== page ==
Skip to main content

Native American Theme Program (NATP)


Native American Theme Program (NATP): Building Native Community to Foster Future Indigenous Leaders

NATP logoOne of the newest theme programs at Berkeley, the Native American Theme Program provides residents with the unique opportunity to be part of a close-knit network to share experiences and engage in being part of the Native community at Berkeley. NATP focuses on building a community that can support each other in their academic and personal lives. The program immerses students in indigenous scholarship and history from indigenous perspectives; it engages students in critical thinking around Native and tribal identities, representations, and experiences; and explores culture through political, historical, and contemporary contexts. NATP explores the unique history of Bay Area Native activism, and provides students with the opportunity to engage directly with community members and scholars. Grounded in academic excellence, community, critical inquiry, leadership, and wellness, the program focuses on a holistic experience that supports students. The program believes that Native and Indigenous students in higher education are future leaders, and seeks to foster their development as such.

The Native American Theme Program welcomes students from all experiences — we do not define Indigenous or Native as being only American Indian, tribally enrolled, or expect that residents are traditionally culturally grounded. What is important is the desire to connect with other Native and Indigenous students and be part of the community. NATP offers the opportunity to further explore cultural, heritage, and tribal connections to your individual identity.

A live-in Theme Program Resident Assistant provides resources and helps support residents’ social and academic needs. Students are also supported and engaged by returning students who work to support community development. NATP is more than just a place to live — it provides a welcoming opportunity to root yourself within an Indigenous community.

Program Requirements

NATP residents are expected to spend 3–5 hours a week actively participating and engaged in theme program activities, including:

  • A yearlong (fall and spring) seminar, Native American Studies 194A/B. The mandatory seminar is a 2-unit, graded class that meets twice a week for 1.5 hours (a total of 3 hours). If you are admitted to NATP, you will be given more information about how to enroll in the class. The class will take place on Mondays and Wednesdays from 2:00-3:30 pm. The coursework includes weekly discussions about assigned readings, and the completion of reflective journals as homework.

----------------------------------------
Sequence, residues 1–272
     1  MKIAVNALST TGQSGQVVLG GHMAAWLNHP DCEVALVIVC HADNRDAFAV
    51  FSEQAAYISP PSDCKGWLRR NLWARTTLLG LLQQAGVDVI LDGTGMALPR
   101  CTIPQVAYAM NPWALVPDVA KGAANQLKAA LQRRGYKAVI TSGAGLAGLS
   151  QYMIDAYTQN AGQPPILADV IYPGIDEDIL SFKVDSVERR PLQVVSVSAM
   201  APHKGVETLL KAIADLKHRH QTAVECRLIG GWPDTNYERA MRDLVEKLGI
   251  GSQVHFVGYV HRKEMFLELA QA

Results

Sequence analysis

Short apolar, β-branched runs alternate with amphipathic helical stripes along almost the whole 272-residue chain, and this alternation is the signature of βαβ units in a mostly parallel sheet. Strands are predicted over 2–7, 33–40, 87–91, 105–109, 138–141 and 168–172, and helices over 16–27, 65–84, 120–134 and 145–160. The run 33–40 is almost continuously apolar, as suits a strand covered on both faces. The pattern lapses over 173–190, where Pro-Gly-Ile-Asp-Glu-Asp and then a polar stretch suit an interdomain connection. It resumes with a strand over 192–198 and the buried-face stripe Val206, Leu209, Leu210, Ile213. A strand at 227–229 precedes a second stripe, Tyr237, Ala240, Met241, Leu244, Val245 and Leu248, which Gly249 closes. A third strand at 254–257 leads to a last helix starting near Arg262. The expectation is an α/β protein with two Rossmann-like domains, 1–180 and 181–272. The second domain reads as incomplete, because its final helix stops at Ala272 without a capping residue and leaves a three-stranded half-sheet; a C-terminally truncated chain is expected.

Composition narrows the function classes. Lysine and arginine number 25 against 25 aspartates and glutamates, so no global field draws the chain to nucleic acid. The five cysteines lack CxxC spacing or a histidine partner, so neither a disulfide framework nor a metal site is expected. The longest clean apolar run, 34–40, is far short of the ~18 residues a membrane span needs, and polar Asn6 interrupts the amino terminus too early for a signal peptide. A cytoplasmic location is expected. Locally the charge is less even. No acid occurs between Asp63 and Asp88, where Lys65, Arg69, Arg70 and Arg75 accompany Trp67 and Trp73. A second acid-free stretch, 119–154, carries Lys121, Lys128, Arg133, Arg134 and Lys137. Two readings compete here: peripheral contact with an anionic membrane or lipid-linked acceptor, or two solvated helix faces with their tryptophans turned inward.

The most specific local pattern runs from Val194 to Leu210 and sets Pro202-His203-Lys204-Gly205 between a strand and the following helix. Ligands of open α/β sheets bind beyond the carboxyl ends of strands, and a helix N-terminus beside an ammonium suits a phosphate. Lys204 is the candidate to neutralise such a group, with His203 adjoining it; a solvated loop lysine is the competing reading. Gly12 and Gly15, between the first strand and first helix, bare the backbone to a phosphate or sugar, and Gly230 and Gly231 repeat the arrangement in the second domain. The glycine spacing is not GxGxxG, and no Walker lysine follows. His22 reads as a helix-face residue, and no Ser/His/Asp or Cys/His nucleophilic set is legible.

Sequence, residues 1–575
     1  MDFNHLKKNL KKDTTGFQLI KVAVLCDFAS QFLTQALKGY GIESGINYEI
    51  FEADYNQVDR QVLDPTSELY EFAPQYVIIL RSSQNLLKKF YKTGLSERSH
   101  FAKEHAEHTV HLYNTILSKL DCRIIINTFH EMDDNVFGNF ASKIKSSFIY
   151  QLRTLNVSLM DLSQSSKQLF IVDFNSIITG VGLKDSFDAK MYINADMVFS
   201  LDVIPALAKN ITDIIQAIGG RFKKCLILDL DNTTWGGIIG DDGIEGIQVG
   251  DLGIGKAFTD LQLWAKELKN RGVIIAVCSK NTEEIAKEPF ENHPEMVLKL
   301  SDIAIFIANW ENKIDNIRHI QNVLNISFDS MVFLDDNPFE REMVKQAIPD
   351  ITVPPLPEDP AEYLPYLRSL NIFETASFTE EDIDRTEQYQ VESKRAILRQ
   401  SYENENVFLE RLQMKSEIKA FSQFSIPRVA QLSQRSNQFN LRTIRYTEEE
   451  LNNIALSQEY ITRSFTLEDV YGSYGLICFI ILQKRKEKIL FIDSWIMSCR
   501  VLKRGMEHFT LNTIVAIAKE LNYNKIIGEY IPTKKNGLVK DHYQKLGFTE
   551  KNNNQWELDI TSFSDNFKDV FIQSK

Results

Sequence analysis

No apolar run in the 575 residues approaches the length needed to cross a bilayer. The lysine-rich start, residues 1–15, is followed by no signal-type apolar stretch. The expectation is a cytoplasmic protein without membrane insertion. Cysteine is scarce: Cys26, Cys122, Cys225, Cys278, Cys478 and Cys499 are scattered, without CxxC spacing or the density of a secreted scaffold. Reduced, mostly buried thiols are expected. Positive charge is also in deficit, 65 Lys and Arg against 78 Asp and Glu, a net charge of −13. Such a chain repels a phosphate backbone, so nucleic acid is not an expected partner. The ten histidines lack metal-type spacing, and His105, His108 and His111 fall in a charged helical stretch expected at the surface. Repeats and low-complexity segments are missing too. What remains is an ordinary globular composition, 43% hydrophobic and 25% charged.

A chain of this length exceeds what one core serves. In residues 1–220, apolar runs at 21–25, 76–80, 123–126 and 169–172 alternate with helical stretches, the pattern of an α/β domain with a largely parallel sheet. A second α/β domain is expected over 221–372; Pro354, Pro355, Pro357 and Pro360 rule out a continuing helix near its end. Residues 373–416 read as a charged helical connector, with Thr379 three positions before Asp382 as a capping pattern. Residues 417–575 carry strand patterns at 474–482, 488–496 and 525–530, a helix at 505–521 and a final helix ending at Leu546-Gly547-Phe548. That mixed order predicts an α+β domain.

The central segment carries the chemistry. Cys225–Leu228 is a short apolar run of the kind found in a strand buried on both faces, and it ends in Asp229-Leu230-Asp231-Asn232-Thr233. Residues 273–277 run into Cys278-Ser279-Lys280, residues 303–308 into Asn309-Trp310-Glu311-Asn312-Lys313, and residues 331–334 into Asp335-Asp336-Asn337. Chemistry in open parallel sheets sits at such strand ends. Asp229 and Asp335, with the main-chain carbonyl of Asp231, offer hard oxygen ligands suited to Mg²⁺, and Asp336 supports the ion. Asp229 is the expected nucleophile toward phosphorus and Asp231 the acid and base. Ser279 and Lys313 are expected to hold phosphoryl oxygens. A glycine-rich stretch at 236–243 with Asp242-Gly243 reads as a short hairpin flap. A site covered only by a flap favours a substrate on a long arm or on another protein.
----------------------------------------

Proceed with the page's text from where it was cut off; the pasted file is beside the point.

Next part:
• NATP individual check-ins with TPRA (one hour/bi-weekly).
  • Community social events (TBD).
  • Theme program events and Native American Student Development Office-sponsored events, as well as other events designated as required for the theme program.
  • Creation of one NATP signature event open to the greater Berkeley community each semester, including planning and committee meetings (example: Open House or Native American Heritage Month Activities).
  • NATP fall and spring retreats.

Signature Events & Programming

Events include a wide variety of interaction with faculty and staff, as well as community activities. Some examples of events are:

  • Native American Theme Program Open House
  • Native American Heritage Month Activities
  • Annual trip to Alcatraz Island for the Sunrise Ceremony on Indigenous Peoples’ Day
  • Service-learning and volunteerism with local Native American organizations and community events
  • Participation in the annual UC Berkeley Pow Wow, and attendance to other Pow Wows in the area
  • Recruitment and retention activities with Indigenous and Native Coalition Recruitment and Retention Center (INC-RRC) and bridges Multicultural Resource Center
  • Collaborative events and activities with other theme programs and housing co-ops
  • UC Berkeley Native Jumpstart, Cal-Day, and Senior Weekend events

Living Space

NATP residents live together in mini-suites in Slottman Hall, Unit 1, which is situated one block south of campus and a few blocks away from the bustle of Telegraph Avenue. For more information about Unit 1, including amenities and features, academic services, and more, please visit Housing.


  • If you have additional questions about the living space that are not answered here, please email Residential Life at
  • For questions about the NATP program (such as requirements, application process, seminar, and so on) contact Phenocia Bauerle, Director of Native American Student Development at 510.642.2842 or
  • If you are a transfer student who will be living off-campus but would like to participate in the seminar, this is an option! Please contact the director of NASD directly to discuss.